But as anything, hybrid comes with its challenges. Companies are still trying to figure out some of its finer details, like understanding how much office space will be needed for their hybrid setup, and investing accordingly. There’s also the problems of direct feedback, implementing company culture and even building enough interest in the company to launch careers within it.
“A lot of it is about building a culture. We believe there is an Auxis culture that we try to have our people embrace. And it’s very hard to do that if they’re never in the office,” commented Eric Liebross.
“We’ve invested a lot in office branding. It really helps to paint a picture of our culture, and it attracts the clients,” added Lizzie Arroyo. “I think they really like to see the people working as a team, that we have values.”
A Matter of Circumstance
Although helpful in many respects, Auxis can’t apply the hybrid model to all of its workforce evenly. Some people require a more traditional approach to onboarding. Such is the case for entry-level employees.
“Maybe I’m a little old-school, but for the lower-level people, I do believe it is important that they come to the office at least for a certain period of time because it helps with development, with keeping them engaged, focused; having someone coaching them,” stated Lizzie Arroyo.
“When you get to some of the more senior levels, or to people with more technical roles, developers and things like that, those people are very used to working alone,” she added. “With them, it makes it easier. Then again, there are senior people that need to be on site with lower-level people to coach and develop them.”
It’s common for Auxis to require new agents to be always on-site for a three month period. The company uses those three months to make sure that the agents are market-ready, coaching them and immersing them in the company’s culture. In a post-COVID labor market, in which many young workers have had very little experience with on-site jobs, those 90 days become crucial for the success of each onboarding process.
“We notice that a lot of people don’t have the skill set we need to fill some of the positions,” said Maria Matamoros. “The 90 days in the office are necessary for market skills.”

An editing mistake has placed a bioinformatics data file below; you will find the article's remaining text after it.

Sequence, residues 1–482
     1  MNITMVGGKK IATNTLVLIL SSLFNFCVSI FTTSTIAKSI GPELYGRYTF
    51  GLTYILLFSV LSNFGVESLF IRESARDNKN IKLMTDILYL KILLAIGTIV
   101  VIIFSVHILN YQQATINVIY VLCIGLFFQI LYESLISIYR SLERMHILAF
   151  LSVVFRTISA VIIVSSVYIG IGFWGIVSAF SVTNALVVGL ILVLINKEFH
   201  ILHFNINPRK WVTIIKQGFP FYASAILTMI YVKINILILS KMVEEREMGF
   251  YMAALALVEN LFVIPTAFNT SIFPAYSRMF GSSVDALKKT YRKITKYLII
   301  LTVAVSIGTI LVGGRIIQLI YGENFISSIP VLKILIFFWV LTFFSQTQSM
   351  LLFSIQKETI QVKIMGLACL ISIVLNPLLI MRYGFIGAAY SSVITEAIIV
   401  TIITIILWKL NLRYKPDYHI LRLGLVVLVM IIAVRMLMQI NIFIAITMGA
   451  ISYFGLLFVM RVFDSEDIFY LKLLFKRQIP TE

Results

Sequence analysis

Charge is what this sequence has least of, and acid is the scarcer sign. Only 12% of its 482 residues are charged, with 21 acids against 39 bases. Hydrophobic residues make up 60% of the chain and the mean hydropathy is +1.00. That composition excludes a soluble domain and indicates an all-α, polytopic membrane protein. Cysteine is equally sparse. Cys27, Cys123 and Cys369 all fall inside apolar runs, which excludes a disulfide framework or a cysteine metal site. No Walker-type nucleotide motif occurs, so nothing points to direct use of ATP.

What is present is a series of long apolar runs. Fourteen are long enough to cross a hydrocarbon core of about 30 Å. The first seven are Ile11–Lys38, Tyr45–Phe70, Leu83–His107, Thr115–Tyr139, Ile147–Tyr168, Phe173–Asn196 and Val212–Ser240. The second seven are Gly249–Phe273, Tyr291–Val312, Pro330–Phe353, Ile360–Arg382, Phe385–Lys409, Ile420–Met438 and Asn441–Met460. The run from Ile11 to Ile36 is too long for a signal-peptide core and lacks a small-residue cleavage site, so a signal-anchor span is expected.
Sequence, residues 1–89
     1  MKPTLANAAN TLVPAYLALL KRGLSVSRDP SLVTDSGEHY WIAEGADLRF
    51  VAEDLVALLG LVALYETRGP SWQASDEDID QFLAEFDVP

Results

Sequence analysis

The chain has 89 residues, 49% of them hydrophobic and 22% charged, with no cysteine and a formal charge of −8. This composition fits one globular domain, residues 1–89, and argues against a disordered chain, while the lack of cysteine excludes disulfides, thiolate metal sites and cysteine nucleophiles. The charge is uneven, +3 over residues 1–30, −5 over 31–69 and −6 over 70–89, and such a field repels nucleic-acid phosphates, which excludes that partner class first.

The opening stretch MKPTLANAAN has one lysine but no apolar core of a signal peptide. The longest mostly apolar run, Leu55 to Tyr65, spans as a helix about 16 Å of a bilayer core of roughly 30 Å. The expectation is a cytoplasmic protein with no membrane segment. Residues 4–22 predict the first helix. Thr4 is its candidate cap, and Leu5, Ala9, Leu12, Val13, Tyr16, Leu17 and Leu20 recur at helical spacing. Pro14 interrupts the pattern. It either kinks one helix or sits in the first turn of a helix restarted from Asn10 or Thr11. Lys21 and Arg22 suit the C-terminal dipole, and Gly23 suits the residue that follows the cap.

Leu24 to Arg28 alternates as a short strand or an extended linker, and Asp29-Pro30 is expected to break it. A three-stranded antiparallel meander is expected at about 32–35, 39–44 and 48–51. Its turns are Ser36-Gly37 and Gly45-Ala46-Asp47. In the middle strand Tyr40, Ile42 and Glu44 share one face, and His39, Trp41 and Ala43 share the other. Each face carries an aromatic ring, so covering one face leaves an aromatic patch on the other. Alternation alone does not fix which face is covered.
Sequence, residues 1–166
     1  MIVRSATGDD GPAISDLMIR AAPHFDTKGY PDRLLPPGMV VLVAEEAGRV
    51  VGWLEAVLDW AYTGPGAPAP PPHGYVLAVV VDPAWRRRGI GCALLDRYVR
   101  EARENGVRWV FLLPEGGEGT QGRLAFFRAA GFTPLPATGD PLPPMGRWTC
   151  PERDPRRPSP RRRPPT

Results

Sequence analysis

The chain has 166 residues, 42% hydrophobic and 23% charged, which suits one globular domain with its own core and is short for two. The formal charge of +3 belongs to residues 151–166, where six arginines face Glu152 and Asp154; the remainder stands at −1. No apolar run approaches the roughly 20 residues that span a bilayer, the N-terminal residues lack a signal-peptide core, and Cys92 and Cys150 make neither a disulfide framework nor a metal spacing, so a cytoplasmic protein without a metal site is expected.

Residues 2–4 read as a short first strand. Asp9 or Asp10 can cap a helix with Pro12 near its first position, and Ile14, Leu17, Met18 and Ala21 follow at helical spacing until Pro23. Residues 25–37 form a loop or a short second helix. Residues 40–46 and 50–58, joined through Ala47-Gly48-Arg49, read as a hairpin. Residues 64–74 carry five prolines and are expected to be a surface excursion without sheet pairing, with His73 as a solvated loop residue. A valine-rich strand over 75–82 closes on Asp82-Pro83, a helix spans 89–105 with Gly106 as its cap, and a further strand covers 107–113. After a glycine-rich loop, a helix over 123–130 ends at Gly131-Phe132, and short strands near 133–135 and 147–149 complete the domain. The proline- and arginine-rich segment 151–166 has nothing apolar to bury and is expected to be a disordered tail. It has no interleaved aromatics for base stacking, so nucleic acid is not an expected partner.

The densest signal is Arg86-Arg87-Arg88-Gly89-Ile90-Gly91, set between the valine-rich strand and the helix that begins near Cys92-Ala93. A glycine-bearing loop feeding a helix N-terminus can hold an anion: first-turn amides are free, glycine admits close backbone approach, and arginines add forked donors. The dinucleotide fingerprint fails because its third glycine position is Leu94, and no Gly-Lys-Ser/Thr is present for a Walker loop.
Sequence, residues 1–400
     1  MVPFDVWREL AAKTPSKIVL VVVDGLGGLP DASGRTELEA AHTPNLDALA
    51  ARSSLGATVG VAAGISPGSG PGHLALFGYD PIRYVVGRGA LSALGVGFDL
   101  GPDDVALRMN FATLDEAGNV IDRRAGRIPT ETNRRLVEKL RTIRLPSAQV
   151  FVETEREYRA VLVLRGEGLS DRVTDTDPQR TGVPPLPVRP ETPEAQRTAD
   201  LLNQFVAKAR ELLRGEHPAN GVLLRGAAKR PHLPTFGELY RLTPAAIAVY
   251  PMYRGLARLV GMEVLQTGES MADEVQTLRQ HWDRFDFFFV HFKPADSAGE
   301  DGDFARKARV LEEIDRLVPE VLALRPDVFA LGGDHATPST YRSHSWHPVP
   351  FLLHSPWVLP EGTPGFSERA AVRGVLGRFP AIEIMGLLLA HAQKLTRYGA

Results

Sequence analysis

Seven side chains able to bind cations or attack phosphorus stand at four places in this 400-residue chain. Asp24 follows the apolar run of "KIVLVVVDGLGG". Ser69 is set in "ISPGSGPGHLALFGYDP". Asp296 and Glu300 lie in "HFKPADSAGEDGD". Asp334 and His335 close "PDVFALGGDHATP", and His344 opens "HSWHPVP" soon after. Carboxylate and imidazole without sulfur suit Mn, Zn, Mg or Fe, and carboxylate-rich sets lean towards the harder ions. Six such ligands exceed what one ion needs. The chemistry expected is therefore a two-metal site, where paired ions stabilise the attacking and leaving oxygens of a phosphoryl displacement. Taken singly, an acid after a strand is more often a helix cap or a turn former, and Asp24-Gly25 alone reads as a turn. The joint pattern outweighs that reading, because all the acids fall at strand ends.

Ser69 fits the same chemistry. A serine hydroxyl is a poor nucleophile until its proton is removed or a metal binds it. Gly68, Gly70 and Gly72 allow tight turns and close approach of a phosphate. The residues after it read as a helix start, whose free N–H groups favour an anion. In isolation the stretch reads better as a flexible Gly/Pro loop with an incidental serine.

Casting a Wider Net
One of the advantages of operating in a hybrid model is the availability of a wider pool of talents. Even though long commutes can still be an issue, employees can be more willing to attend the premises as long as they only have to do it a couple times a week.
This has allowed Auxis to take their sourcing strategy to the next level. The company now leverages talents from several major cities, particularly in Colombia.
“In Colombia we’re hiring in multiple places: Bogota, Medellin and Barranquilla,” said Fabiana Corredor. “That’s the beauty of countries like Colombia or Mexico, where you have cities with over 1 million people, and we don’t necessarily limit ourselves to one city […] There it becomes an even more remote approach.”
Making it Secure
One of the more delicate issues to handle in a hybrid model is data security. It’s been one of the highest-ranking concerns among business leaders for this year and the next. As such, the conversation is inevitable for BPO providers.
“For the most part, clients will ask about it [security in a hybrid setup]. At the end of the day, a lot of it will be managed through our approach to security, and the rest is a discussion with the client,” explained Eric Liebross. “If they absolutely insist on having people in the office, we can accommodate, but we encourage them pretty strongly not to go down a fully in-office model.”
Auxis tends to work within a client’s own system. The point is making sure that the client feels comfortable with how its data is being handled, which is achieved through adoption of what the client finds familiar.
“We work through client systems and processes, and under their controls. We’re connecting into their environment through a controlled connection, like a VPN. No local storage of data. Working under the same client structure,” explained Liebross. “That solves 75% of security and data protection issues. The remaining 25% depends on how local controls are managed.”